Thread: How Bright is to Bright
10-23-2003, 12:55 AM #1
- Join Date
- Jul 2002
How Bright is to Bright
I wanted to get some peoples opinions about what should be done about the level of brightness todays emergency lights are reaching. I am talking about the new whelen linear LED for example. This thing is so bright a blind person could see it. I am always for new technology but the thought that whelen and other companies are working on brighter lights than this is ridiculous. Your thoughts and impressions with todays new technology of warning lights is much welcomed.
10-23-2003, 03:04 PM #2
- Join Date
- Nov 2002
As far as I am concerned there is no such thing as too bright when you are talking about warning during daylight hours. During the day the more light intensity the better, even with 10 or more lights on the back of a rig they still are not near as bright as sunlight. Also I personally want all the warning power I can get going to a call even at night.
Having said that, the latest generations of strobes and LEDs are far too bright to be run at full power at most scenes at night. I know that Whelen, Code 3, Federal Signal, and Tomar all have low power modes for their strobe power supplies and Whelen has put a low power mode on the power supplies for the new remote Linear LEDs for just that reason. You can get a photocell from Whelen to turn on the low power mode automatically for $100.00 or just train your drivers.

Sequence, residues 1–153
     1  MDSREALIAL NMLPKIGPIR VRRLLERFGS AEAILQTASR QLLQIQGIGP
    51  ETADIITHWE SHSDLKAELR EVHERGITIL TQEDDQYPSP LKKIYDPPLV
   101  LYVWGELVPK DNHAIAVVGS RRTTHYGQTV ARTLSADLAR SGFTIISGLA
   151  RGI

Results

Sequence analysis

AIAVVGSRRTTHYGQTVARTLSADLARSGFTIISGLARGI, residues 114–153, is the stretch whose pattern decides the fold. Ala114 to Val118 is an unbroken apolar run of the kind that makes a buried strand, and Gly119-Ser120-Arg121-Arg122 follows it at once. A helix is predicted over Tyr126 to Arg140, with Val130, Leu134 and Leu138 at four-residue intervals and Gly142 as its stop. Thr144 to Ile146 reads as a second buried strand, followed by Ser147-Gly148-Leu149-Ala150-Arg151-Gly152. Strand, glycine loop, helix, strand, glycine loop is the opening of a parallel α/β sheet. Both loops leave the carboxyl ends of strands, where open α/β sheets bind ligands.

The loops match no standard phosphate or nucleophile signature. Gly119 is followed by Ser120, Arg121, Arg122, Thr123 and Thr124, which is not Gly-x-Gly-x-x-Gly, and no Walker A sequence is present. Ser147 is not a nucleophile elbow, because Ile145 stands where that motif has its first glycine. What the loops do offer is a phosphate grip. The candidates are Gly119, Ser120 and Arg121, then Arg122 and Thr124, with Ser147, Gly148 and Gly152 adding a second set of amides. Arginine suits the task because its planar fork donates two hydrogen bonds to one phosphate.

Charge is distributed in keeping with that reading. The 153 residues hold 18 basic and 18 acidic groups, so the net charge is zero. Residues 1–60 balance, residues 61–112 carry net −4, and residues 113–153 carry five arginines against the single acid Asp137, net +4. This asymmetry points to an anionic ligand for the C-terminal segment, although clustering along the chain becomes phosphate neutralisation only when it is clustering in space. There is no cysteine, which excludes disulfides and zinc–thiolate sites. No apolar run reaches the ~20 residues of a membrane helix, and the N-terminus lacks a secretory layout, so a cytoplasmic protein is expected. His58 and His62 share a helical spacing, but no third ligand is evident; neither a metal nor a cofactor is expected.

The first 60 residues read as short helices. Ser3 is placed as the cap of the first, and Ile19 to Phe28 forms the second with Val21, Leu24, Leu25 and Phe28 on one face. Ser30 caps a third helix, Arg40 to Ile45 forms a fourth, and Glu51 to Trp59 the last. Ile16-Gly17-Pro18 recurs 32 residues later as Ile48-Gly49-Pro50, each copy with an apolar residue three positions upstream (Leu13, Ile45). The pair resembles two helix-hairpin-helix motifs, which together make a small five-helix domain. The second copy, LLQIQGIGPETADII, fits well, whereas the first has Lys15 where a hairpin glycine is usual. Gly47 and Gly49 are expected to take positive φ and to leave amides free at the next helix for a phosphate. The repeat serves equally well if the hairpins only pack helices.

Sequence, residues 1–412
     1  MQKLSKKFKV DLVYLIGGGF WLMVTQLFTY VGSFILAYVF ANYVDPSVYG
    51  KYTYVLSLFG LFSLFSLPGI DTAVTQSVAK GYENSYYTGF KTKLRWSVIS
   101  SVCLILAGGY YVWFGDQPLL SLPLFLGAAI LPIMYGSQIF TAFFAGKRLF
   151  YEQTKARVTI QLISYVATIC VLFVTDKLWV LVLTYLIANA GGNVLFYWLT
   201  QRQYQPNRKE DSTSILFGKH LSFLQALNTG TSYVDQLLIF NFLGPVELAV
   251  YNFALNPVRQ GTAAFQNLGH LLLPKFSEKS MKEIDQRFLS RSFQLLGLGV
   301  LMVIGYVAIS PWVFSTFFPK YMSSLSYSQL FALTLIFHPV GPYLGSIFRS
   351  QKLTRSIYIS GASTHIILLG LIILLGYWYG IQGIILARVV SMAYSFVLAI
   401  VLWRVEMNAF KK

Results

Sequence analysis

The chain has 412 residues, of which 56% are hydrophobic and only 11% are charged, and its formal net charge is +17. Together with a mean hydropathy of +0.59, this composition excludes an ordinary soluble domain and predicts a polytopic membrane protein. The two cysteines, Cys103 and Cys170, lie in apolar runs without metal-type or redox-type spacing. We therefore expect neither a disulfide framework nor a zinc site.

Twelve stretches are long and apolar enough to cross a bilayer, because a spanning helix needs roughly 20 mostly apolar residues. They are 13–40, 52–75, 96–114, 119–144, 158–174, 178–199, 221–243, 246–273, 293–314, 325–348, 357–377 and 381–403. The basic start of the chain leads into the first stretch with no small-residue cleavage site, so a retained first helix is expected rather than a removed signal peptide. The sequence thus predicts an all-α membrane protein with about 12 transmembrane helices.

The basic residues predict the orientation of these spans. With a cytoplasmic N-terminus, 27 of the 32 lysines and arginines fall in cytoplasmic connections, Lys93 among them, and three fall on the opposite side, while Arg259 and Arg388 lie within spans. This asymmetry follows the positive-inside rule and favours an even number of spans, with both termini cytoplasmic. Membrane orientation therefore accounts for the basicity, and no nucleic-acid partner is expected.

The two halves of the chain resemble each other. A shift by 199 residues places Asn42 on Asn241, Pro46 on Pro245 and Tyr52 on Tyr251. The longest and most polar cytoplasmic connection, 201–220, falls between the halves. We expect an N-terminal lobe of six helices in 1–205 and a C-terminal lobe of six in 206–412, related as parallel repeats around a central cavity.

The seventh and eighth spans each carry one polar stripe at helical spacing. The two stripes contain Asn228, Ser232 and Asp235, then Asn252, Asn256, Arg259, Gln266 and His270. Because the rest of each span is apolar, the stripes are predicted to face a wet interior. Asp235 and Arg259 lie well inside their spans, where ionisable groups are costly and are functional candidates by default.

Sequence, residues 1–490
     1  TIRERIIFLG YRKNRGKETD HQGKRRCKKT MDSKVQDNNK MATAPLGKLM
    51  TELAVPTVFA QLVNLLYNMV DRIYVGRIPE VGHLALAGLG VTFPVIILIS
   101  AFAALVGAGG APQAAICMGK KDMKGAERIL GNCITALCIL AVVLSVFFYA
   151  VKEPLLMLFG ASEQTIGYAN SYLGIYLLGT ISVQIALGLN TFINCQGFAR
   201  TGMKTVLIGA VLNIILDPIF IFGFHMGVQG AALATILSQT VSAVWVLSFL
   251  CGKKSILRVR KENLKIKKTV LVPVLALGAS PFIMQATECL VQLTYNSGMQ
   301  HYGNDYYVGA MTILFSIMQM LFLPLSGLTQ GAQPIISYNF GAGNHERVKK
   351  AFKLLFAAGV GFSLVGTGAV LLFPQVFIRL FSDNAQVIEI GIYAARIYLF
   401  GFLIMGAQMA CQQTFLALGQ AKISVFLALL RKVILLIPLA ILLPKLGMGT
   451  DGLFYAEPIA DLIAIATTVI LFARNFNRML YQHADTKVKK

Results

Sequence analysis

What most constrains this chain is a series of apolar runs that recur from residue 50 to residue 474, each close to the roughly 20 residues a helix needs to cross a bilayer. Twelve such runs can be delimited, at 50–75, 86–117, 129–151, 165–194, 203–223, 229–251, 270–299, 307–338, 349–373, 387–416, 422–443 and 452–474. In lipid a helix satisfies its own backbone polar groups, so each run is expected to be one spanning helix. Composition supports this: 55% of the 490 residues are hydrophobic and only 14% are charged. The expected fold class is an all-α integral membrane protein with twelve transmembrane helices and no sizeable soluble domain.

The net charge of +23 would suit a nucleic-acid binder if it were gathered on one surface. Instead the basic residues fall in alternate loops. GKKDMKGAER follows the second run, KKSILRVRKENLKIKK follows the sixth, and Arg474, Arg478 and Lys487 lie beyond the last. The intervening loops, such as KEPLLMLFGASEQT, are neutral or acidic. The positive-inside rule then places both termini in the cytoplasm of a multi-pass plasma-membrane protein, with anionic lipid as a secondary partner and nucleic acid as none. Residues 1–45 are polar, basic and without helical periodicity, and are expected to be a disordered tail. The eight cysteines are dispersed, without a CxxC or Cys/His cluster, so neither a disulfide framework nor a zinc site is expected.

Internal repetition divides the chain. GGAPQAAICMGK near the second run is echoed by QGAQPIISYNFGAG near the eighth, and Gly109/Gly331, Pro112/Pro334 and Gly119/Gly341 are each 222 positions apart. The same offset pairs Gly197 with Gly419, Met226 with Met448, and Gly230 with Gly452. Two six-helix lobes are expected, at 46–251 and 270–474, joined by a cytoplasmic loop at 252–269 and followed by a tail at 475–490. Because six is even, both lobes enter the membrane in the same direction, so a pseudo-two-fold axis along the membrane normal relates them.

10-28-2003, 12:20 AM #3
I was coming up on a fire scene last month and damn near ended up in the ditch. We rounded a curve there was a PD unit blocking the road, he had one of the newer Whelen Edge all strobe light bars with the "traffic miser" patern going. It was so bright and there was no "off" time to be able to see anything besides blue. Its coming to the point where NFPA or some other body is going to have to require automatic dimmers, like the requirement to turn off all white flashers when the brake is set.________________________________________________
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10-28-2003, 05:41 PM #4
I'm not sure if it's a problem with intensity as much as rate of flash. That's been a concern with strobes since they changed from the old double flash to the new multi-flash units. Same thing with LED's.
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